Both the legal and accounting industries will suffer substantially when it comes to job losses, accountants more so.
I tried to balance the bad with some good. So my next few points were that technology is helping professionals achieve new levels of problem-solving and decision-making. Of course, this is thanks to access to digitally managed information and also that tech reduces mistakes, improves consistency of work and, in general, lowers operational costs for companies.
I also spoke about AI and how technology means that companies are staying open longer hours, if not 24/7, and, at the same time, crushing the small fish vs. big fish scenario. In other words levelling the playing field, which means, everyone has to share clients and compete with a similar service offering. This is why getting to know your client personally now is more important than ever.
I spoke about how technology is being used to find new or more clients through new access channels and also harnessing web marketing platforms.
Technology is also making professionals happier, in general, as well as improving the quality of their work life. Flexi hours or even working from home has never been so simple.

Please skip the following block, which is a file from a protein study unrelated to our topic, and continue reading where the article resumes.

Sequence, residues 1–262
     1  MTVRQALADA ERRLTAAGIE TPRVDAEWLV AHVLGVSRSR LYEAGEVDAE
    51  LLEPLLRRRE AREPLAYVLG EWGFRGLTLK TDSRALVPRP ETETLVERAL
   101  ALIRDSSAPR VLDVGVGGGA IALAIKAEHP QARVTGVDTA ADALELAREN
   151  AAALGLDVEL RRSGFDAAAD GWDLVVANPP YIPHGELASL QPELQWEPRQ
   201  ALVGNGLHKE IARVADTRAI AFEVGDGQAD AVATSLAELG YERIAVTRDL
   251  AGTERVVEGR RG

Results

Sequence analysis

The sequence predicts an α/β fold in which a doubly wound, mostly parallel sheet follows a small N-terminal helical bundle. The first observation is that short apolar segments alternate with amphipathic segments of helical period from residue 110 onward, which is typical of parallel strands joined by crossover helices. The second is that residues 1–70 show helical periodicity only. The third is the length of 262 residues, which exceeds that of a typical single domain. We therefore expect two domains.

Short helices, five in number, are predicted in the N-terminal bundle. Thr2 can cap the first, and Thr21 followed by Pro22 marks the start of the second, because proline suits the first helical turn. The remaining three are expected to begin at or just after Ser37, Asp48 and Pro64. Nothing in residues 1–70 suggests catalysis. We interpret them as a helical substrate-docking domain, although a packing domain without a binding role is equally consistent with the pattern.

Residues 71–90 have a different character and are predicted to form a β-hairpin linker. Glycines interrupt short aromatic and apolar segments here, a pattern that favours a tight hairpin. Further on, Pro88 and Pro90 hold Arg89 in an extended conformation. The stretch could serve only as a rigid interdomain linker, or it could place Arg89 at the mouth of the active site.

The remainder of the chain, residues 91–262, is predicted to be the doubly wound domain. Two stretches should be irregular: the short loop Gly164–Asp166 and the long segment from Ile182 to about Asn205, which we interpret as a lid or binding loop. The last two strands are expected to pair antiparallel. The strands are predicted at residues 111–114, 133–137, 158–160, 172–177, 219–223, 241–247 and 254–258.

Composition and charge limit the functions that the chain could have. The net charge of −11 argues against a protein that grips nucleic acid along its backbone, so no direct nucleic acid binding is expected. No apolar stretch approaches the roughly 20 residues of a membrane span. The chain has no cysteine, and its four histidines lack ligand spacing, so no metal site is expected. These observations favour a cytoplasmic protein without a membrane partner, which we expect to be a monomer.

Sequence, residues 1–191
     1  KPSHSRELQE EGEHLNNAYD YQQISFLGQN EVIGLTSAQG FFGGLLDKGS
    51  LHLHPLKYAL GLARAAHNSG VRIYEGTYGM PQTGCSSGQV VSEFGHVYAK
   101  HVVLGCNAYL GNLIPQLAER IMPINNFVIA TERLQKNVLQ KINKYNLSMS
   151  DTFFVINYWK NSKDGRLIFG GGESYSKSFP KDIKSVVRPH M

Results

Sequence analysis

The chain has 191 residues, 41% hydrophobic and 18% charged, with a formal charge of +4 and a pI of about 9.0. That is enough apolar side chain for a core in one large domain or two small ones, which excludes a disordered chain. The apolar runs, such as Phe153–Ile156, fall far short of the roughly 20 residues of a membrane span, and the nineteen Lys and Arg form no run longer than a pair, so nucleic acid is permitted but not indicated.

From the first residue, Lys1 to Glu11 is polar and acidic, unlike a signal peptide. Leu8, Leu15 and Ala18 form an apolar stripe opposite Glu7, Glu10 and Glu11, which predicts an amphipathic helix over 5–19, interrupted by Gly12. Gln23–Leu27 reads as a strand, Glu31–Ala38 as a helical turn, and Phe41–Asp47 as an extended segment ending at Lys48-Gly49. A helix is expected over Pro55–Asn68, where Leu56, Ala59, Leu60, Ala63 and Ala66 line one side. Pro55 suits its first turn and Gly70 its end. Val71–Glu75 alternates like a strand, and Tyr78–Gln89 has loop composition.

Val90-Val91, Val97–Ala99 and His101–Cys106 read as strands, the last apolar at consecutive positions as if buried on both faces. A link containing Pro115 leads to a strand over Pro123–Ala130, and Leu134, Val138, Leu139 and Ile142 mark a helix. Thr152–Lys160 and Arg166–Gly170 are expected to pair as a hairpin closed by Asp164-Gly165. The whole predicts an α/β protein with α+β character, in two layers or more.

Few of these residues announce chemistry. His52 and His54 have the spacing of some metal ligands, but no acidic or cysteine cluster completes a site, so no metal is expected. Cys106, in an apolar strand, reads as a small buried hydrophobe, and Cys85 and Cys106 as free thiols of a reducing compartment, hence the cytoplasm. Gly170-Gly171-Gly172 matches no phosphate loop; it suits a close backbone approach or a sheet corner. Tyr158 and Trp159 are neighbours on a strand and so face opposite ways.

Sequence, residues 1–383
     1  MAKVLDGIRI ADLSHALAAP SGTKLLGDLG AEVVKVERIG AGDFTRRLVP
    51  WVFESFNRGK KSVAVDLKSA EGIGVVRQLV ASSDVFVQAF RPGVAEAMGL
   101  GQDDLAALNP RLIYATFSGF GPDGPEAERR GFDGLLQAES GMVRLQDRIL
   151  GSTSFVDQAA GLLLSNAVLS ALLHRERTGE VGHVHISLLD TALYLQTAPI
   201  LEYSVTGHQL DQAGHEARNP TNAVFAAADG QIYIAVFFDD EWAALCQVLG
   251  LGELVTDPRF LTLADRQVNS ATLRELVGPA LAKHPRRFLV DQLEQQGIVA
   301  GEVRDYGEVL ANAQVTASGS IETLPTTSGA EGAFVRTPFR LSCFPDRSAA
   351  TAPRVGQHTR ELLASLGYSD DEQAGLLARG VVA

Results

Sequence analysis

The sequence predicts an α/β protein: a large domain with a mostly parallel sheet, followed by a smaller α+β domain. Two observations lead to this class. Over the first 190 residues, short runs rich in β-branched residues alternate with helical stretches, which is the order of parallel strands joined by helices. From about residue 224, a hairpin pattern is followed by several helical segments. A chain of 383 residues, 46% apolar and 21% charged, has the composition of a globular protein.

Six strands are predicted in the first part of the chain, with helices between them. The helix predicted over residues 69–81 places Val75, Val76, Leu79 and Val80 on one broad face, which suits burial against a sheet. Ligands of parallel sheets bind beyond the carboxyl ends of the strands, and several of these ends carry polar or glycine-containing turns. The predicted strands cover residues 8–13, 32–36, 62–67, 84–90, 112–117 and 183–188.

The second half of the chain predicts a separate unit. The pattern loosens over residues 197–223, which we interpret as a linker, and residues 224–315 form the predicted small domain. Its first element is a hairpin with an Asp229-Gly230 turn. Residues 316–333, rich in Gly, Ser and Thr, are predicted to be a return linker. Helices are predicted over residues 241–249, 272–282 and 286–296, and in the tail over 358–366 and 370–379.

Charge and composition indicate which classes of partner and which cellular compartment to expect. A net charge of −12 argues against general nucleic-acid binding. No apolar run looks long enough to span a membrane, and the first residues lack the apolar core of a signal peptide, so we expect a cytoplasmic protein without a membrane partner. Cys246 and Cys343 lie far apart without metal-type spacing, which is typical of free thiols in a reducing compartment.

As the smiles returned to the faces in front of me, unfortunately, I had to share some examples of non-studied professionals coming into the industry and taking their jobs, if not automating several of their services totally. There are so many examples, and I can quickly call up several websites at any time to support this.
In most industries technology is changing income revenue models for companies. For example, the threat of the billable hour for lawyers to disappear in the near future and car purchases moving towards the leasing option instead. There are so many examples.
In most of the talks I do, I always have to highlight the risk of security and the many, new vulnerabilities within companies because of technology. It is a fact that less than half are taking action.